TH: Yes, I've been going to the beach for holidays my entire life. My mother loves the coast which is why I'm so excited about the job. My parents will be able to come and visit whenever they want to.

CM: So, you're close to your mum and dad?

TH: Yes, very. I'm an only child.

CM: Your boyfriend will miss you after you leave, no doubt.

TH: I don't have a boyfriend. I've been too busy studying to have a serious relationship. My best friend, Natalie, thinks I'm weird but... well, maybe I just haven't met the right person.

CM: Do you believe in fate, Tessa?

TH: No, not at all. I make my own decisions. I'm responsible for my actions. Believing in fate is for people who don't want to accept responsibility, or maybe they just can't, and it's easier to put it down to fate.

CM: What if everything that happens, happens for a reason? Just one long series of events that are all interconnected?

TH: If that was the case, then we would never need to make a decision, things would just happen. I haven't got time to sit around and just wait.

CM: Ah! The impatience of being young.

TH: Perhaps.

CM: So, you think you might meet some handsome surfer at your new home on the coast?

TH: It would be great to meet someone. I'm going to miss my family, and my friend Natalie, but I usually make new friends pretty quickly. 

CM: A summer romance, huh? Before you start your new job?

TH: Only if it's meant to be...

CM: I thought you didn't believe in fate? 

TH: I don't. But doesn't everyone have a soul mate, just waiting for their paths to cross?

I wrapped up the interview at that exact moment... I had a story to go write!

Thursday, 4 October 2012

On Urban Fantasy

The idea for 'Embers of the Sun' came from listening to a couple of friends talking about whether something that had happened was because of fate, and meant to be, or if it was just the outcome of choices that had been made.

I started asking, "Do you believe in Fate?" to just about everyone I met over a month or so and I was surprised by the answers I received. Most people who said "No" then went on to tell me about something that had happened and how it was 'meant to be'. The others who answered "Yes" were equally of the opinion that they were still in some degree of control because of the decisions they made along the way...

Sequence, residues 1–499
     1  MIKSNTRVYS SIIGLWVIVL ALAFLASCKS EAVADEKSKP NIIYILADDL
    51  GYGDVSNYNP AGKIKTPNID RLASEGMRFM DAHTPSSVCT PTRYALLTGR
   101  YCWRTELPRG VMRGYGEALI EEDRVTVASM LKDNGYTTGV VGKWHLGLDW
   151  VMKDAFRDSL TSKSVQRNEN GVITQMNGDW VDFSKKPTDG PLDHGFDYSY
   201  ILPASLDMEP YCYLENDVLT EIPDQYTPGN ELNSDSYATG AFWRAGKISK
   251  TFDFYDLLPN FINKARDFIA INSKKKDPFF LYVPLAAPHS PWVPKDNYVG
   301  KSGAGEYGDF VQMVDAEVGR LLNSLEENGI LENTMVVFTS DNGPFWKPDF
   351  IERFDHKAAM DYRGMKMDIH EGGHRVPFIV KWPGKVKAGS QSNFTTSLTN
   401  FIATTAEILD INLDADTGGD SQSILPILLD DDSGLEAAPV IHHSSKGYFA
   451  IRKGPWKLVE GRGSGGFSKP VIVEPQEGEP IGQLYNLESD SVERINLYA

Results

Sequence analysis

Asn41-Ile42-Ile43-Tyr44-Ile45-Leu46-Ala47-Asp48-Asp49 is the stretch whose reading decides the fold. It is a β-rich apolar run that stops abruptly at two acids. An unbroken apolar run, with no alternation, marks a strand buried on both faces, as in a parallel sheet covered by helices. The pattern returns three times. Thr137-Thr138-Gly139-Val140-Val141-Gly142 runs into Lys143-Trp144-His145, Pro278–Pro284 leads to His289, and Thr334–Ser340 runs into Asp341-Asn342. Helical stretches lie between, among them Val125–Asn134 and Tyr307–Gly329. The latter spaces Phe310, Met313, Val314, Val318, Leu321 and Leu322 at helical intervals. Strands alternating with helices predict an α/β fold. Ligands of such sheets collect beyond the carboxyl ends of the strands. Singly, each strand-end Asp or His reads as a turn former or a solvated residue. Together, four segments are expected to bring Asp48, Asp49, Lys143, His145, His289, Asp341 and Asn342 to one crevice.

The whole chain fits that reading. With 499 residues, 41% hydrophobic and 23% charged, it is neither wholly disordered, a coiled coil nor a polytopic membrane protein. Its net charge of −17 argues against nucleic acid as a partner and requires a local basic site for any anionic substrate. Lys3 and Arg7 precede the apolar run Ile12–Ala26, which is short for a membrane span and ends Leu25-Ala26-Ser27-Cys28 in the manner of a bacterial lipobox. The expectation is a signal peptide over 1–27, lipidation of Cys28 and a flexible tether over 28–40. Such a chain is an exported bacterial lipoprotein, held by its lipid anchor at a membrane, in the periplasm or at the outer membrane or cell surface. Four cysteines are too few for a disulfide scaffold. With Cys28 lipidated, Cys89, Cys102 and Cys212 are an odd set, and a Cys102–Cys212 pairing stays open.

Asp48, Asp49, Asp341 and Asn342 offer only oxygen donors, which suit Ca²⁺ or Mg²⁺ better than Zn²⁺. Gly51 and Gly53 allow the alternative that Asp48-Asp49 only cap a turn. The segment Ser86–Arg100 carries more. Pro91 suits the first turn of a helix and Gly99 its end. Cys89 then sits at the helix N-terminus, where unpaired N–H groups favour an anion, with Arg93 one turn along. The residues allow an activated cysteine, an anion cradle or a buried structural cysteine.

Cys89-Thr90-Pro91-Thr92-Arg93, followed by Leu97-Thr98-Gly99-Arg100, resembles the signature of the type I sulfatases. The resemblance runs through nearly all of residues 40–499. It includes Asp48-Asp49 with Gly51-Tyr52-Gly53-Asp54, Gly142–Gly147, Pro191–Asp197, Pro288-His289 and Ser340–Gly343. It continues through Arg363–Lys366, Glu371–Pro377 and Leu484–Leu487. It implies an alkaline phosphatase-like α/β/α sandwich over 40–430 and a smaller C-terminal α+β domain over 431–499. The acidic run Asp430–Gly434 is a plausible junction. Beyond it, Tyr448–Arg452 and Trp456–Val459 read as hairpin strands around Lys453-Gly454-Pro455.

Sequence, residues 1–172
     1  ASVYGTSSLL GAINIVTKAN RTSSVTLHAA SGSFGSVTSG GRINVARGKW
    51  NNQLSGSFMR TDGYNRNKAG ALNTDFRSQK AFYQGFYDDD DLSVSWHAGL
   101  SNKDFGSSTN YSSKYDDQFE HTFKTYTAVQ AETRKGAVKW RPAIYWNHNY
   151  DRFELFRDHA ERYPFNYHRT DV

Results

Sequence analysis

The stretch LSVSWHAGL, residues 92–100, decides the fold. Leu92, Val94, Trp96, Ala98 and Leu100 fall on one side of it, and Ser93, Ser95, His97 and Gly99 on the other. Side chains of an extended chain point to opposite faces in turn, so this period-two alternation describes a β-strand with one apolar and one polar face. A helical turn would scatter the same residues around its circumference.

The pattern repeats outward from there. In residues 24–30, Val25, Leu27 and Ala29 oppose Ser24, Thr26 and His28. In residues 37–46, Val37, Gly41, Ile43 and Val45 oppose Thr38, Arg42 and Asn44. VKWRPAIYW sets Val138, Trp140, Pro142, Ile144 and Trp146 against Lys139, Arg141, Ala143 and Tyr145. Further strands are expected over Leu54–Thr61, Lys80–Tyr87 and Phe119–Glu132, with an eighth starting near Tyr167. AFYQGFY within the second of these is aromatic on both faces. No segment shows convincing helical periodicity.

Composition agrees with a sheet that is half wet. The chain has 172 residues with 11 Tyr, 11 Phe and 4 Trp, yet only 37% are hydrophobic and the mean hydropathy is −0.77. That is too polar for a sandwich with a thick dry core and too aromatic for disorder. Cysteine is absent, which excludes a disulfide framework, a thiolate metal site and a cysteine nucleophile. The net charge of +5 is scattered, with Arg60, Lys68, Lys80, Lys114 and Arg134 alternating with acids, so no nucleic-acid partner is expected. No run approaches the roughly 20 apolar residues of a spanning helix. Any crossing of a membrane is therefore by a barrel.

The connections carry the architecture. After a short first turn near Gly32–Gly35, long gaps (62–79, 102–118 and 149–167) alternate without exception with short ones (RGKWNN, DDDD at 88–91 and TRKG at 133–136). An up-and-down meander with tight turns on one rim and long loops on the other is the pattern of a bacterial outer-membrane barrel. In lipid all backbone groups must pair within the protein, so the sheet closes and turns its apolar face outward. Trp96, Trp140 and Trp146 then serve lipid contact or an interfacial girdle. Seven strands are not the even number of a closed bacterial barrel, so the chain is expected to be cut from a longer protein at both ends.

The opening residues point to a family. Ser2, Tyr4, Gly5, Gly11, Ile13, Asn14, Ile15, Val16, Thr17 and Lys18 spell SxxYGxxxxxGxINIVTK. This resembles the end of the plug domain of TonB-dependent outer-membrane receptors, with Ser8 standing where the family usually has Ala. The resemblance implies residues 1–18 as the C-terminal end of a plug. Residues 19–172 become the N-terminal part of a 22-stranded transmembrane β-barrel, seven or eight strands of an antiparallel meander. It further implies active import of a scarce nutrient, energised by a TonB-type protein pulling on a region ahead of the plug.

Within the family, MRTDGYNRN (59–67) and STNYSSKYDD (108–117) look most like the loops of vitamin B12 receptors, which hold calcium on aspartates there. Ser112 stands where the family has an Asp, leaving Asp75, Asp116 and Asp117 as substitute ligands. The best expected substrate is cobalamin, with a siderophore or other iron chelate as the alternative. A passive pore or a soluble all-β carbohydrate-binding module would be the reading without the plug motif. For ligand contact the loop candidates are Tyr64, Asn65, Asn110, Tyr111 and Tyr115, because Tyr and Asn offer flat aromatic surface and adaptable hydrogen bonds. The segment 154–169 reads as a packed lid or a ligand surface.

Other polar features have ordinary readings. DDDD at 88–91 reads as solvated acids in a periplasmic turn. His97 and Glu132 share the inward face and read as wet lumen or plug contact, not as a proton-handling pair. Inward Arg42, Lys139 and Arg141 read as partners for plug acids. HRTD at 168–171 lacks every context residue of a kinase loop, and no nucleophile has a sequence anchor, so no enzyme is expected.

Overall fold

Curious and more curious...

I didn't set out to write 'Embers of the Sun' as urban fantasy but as I got drawn more and more into developing the fate and freewill concepts, urban fantasy was the only way for me to really tell the story.


Chantal Mortimer

Sunday, 23 September 2012

On Writing Organically

In my early twenties, I studied journalism and took a stack of creative writing courses, thinking I needed the 'bit of paper' to prove I could write.

None of it was wasted, I certainly learnt the underpinning structure of writing, but did it teach me to actually write? 


In my thirties, I went to a zillion events and bought a zillion books on writing. Did I learn anything more? No, but I met lots of great people. 

Having just published a novel, Embers of the Sun, I can now reflect on the struggle to write the storyline I'd spent months devising and mapping out (advice from all those courses, lectures and books!). 

Finally, I just sat down and wrote the story, organically. 

In other words, I trusted that I could find the right words, in the right sequence, and tell the story. 

For me, writing is believing the story you want to tell is worth telling. And the words just flow...